OPINION: Where’s Plan B?

It’s an easy conversation starter when the All Blacks lose. The hook was baited, again, in Dublin.

Within minutes of the All Blacks being confirmed as 29-20 losers to Ireland at Aviva Stadium last Sunday, French coach Fabien Galthie would have had his analysts breaking down the data for management and players.

Aurelien Meunier/Getty Images
Fabien Galthie will contront the All Blacks for the first time in his capacity as France’s head coach when the teams meet in Paris on Sunday.

Galthie won’t have waited. He would have already formed his own opinions on where it all went so horribly wrong for the All Blacks. There was plenty of material.

Ireland applied a tourniquet to the flow of ball, and when it dried up the All Blacks shrivelled into something we struggled to recognise. Trapped inside their own half, it was like an invisible wall had been erected on the halfway line.

When the All Blacks are smoking hot, they are almost untouchable. Allow them to generate super-quick ruck ball, and the backs will lash teams with speedy passes, soft hands and natty footwork. It all fell apart in Dublin.

Handling errors. Lost lineouts. Silly passes – the one from No 8 Ardie Savea when he raced off a scrum and then hurled the ball in front of wing Sevu Reece – was a case in point. Not that Savea should feel alone. But it was unnecessary. Such mistakes fed the ball back to a green giant that was anything but jolly for the All Blacks.

Ireland were ruthless. And very clever. They kicked for the corners from penalties in the first half to hunt for tries, and in the second spell were smart enough to shoot for the sticks.

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Ireland celebrate after beating the All Blacks 29-20 in Dublin.

If a try had been given to replacement flanker Akira Ioane, instead of being disallowed after younger brother Rieko had flicked a forward pass in the final quarter, the All Blacks may have won. Which, in turn, would have provided them, metaphorically, with the ammo to poke a finger into the chests of their critics and say there’s nothing untoward about their strategies.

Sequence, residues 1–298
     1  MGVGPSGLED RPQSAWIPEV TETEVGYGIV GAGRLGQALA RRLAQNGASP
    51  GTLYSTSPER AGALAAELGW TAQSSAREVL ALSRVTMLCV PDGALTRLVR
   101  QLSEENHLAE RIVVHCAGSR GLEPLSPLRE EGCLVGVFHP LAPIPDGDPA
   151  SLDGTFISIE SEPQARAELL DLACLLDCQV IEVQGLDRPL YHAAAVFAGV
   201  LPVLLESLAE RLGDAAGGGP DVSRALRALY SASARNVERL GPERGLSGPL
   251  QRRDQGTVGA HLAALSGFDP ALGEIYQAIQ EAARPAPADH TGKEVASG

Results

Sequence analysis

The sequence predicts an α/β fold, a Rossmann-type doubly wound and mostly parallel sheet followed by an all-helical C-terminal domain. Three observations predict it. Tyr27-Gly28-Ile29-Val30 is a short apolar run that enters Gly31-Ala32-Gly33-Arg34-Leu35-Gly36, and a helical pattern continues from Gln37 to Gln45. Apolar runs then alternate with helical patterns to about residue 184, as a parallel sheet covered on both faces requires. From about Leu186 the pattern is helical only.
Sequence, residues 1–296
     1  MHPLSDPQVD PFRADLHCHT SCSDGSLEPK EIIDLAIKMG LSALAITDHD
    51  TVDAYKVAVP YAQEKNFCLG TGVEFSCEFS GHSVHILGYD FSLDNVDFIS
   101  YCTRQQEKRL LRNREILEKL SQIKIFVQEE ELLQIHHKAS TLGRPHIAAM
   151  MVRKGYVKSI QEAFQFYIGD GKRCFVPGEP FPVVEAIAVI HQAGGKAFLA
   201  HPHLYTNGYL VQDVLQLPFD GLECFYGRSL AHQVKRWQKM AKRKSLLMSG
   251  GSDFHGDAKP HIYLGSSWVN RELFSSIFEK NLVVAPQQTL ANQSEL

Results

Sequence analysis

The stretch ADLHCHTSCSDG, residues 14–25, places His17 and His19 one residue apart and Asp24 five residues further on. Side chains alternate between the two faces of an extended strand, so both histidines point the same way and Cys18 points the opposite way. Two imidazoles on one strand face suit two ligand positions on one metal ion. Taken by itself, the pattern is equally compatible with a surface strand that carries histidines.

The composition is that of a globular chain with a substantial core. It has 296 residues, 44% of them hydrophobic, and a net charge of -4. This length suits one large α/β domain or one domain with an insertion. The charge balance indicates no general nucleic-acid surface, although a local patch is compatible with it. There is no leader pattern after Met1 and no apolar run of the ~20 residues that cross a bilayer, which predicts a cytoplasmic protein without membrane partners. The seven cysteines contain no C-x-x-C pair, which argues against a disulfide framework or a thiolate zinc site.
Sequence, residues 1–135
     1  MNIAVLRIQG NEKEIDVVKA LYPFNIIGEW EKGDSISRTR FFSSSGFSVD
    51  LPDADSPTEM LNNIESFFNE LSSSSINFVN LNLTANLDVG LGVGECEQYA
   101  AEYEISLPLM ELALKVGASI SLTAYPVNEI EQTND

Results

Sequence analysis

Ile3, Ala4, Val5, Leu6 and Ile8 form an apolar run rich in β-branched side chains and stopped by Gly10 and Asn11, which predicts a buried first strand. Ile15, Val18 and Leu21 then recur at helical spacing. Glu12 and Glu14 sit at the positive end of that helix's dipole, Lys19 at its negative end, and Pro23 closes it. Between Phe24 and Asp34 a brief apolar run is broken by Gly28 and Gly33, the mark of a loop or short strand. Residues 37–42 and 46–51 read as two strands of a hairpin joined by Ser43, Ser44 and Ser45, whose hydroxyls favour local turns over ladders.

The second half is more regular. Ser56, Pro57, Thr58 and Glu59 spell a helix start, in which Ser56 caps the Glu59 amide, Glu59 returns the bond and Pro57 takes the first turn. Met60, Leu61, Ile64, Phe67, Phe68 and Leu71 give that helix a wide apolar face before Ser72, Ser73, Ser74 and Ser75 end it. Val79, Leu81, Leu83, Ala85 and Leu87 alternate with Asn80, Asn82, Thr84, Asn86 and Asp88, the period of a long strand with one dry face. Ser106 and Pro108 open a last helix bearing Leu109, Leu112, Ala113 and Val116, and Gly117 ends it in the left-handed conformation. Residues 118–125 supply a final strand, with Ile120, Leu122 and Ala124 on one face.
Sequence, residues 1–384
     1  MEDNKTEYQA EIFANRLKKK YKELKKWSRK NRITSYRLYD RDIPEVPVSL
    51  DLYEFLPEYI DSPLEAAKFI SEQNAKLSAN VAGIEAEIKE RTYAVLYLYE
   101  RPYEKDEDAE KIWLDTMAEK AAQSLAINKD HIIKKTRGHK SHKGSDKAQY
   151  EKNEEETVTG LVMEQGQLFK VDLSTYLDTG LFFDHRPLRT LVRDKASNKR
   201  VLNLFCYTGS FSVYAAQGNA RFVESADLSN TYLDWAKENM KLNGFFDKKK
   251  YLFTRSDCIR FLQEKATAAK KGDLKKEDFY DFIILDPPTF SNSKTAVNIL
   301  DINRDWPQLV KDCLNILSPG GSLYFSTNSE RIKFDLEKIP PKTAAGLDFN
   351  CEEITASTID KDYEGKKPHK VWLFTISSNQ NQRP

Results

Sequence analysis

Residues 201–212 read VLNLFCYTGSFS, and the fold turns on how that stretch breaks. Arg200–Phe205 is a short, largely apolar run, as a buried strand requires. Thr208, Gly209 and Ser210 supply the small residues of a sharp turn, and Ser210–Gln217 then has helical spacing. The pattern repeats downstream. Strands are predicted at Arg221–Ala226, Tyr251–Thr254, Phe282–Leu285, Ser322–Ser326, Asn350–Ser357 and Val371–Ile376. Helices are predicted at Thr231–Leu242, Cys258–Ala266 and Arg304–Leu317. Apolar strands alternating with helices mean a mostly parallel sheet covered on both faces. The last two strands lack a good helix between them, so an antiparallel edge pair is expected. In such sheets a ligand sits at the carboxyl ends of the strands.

But they got done, fair and square. It’s been a very painful lesson for all concerned.

Which leads to the subject of Plan B (or C or D). The All Blacks used Plan A to great effect against a depleted Welsh side in Cardiff. Now we know the truth. Yes, the 54-16 win was lovely and rightly celebrated.

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Ireland’s forwards got the better of the All Blacks right across the park en route to their 29-20 victory in Dublin.

But it was as if the Welsh were firing ping-pong balls against runaway jeeps, whereas Ireland were swinging sledgehammers and chucking anvils.

Ireland’s blitz defence created unbearable pressure. With little ball to work with, the All Blacks still created a couple of line breaks. Sloppy passing and handling killed them dead.

Cross-kicks to the wings didn’t have the desired effect. The space was quickly shut down.

The All Blacks say they have the playbook to vary their game plan. In other words, they do have Plan B. Let’s see it.

New Zealand forwards can pick-and-go, drive off lineouts and link with hard-running midfielders to set-up more rucks. We know this from watching Super Rugby teams on cold, wet, nights in New Zealand.

France is the country where champagne originates. Lots of fizz and froth. The All Blacks may believe it makes no sense to not utilise their skilled players, the great entertainers.

Paris, surely, calls for a fresh plan, one which involves hard, direct play from the pack. It may not be spectacular.

Sometimes, though, a bottle of rough plonk can also get the job done.

This content was originally published here.